Among the people Longmire turns to for help is friend and saloon owner Henry Standing Bear, played by YOUNG GUNS’ Lou Diamond Phillips.  Happily, he’s a continuing character.  The guest cast includes the lovely Irene Bedard from SMOKE SIGNALS, and Zahn McClarnon as Mathias, a res cop who has no patience when Longmire steps onto the res and out of his jurisdiction. 

If the pilot is a fair indication, LONGMIRE successfully balances having satisfying and thought-provoking mysteries, and characters worth thinking about after the end-titles have rolled.  I’m setting my DVR for the series now.


Before you try to correct me, no, I don’t mean ABRAHAM LINCOLN: VAMPIRE HUNTER.  That Tim Burton-produced movie, which opens on June 22nd, is reportedly budgeted at $85 million.  ABRAHAM LINCOLN VS. ZOMBIES, which will be available on video May 29th, reportedly cost $150,000.  I watched it last night, and found it morbidly delightful.

ABRAHAM LINCOLN VS. ZOMBIES is a production of The Asylum Film Company, which is currently celebrating its 15th year and 100th movie.  If you are not familiar with The Asylum, they’ve created a kind of movie called ‘The Mockbuster,’ a movie that follows on the publicity coattails of big budget movies, either making fun of them, or frankly trying to confuse the consumer into renting the wrong one.  Their ALMIGHTY THOR is based on the Norse myth rather than the comic books; their SHERLOCK HOLMES, while lacking Robert Downey Jr., was shot in Ireland and featured a tyrannosaurus rampaging through London; their JOHN CARTER OF MARS is based on the same public domain Edgar Rice Burroughs novel as JOHN CARTER; and yes, they produced TITANIC 2.  They’ve also made 6 GUNS, a very low-budget but very watchable western starring Barry Van Dyke.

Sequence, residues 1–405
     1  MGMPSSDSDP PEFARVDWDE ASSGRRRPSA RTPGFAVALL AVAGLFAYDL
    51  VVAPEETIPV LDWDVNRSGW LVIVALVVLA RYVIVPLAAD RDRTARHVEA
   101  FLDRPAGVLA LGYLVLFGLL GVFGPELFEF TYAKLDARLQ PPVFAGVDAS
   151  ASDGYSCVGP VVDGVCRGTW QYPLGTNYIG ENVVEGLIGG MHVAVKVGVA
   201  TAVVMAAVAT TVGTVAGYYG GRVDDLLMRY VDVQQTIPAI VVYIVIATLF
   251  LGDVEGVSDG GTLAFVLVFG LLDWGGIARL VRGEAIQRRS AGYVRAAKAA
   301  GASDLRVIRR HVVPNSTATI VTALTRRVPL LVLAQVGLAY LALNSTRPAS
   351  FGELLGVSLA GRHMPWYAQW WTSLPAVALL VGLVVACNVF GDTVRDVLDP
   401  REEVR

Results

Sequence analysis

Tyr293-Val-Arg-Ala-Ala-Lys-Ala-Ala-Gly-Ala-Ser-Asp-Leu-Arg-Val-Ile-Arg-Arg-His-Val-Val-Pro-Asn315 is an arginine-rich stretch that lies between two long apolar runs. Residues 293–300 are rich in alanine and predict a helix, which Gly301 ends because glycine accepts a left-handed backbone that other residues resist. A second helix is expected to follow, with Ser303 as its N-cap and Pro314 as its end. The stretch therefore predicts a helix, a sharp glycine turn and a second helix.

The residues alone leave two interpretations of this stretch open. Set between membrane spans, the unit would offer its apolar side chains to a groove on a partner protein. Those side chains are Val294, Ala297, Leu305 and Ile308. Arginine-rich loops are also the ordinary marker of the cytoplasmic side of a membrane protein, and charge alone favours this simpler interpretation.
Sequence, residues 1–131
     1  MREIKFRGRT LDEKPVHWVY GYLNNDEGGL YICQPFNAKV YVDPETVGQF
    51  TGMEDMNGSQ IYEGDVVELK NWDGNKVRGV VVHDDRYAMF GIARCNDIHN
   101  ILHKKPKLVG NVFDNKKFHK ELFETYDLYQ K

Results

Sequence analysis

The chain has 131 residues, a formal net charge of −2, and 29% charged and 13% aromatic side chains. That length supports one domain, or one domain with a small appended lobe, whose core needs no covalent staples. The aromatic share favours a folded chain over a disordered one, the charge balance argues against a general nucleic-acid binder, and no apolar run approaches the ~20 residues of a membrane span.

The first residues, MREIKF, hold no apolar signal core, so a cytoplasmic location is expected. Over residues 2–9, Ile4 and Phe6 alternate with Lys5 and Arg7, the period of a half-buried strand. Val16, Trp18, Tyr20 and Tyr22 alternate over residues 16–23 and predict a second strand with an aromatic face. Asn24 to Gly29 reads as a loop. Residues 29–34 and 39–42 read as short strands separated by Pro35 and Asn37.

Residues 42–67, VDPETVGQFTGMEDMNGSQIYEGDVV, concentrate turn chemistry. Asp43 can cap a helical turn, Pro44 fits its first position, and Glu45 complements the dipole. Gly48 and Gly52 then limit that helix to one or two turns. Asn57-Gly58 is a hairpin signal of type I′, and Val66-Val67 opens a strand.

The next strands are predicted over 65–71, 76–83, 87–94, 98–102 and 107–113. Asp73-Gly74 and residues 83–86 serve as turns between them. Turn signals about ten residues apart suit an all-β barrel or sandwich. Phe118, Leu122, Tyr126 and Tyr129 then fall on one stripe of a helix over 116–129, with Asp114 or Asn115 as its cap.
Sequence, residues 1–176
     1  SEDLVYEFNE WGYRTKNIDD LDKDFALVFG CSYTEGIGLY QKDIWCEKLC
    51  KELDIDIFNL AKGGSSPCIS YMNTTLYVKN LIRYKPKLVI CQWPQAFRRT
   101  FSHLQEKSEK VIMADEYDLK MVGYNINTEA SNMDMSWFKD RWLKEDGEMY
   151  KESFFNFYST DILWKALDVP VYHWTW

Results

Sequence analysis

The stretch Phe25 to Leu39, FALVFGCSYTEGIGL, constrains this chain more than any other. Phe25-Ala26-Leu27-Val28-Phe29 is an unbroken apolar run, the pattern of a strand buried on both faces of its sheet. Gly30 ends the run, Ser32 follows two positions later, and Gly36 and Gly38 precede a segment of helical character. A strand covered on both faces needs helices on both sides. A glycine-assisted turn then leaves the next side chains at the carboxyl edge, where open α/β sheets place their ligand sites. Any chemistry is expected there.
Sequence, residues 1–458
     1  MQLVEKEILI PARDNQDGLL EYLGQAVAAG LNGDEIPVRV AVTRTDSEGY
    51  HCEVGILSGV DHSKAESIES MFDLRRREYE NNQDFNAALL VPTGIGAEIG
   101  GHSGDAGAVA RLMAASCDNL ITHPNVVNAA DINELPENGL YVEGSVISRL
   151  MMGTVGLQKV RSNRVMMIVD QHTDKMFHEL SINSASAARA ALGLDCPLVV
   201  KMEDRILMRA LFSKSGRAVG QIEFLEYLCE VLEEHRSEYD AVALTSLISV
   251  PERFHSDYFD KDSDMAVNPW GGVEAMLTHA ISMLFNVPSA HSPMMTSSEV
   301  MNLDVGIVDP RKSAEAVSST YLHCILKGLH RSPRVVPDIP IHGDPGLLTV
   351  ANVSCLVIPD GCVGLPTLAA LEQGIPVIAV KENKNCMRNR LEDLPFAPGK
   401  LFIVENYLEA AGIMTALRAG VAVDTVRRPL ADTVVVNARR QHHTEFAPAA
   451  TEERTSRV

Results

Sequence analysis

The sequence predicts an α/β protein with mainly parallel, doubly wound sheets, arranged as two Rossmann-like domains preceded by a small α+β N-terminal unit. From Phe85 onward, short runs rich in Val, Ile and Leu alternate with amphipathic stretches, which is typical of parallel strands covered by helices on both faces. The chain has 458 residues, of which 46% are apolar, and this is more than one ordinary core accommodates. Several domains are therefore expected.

I cannot say how close the ZOMBIES version is to Seth Grahame-Smith’s best-selling novel, ABRAHAM LINCOLN: VAMPIRE HUNTER, because I haven’t read it, and my impression (possibly wrong) is that few people have.  It’s the sort of book you buy not to read, but to give to your history teacher to amuse or upset her.  But the story in this one is by Karl T. Hirsch and J. Lauren Proctor, and it’s scripted and directed by Richard Schenkman, who first made a splash when he wrote and directed THE POMPATUS OF LOVE.  As someone says in the ‘making of’ featurette, it’s not historically accurate so much as an alternative to historical accuracy.